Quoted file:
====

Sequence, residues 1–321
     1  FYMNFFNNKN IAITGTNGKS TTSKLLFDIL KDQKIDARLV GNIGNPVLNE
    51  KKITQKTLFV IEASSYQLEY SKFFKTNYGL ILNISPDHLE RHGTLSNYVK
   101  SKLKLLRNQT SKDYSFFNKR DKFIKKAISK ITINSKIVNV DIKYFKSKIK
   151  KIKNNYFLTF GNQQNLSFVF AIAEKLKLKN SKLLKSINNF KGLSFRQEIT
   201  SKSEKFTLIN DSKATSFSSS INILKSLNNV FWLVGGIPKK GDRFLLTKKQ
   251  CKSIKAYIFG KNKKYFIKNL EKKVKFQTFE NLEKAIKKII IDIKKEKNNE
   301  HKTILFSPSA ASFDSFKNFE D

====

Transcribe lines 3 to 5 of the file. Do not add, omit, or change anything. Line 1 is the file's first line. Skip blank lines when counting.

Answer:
    51  KKITQKTLFV IEASSYQLEY SKFFKTNYGL ILNISPDHLE RHGTLSNYVK
   101  SKLKLLRNQT SKDYSFFNKR DKFIKKAISK ITINSKIVNV DIKYFKSKIK
   151  KIKNNYFLTF GNQQNLSFVF AIAEKLKLKN SKLLKSINNF KGLSFRQEIT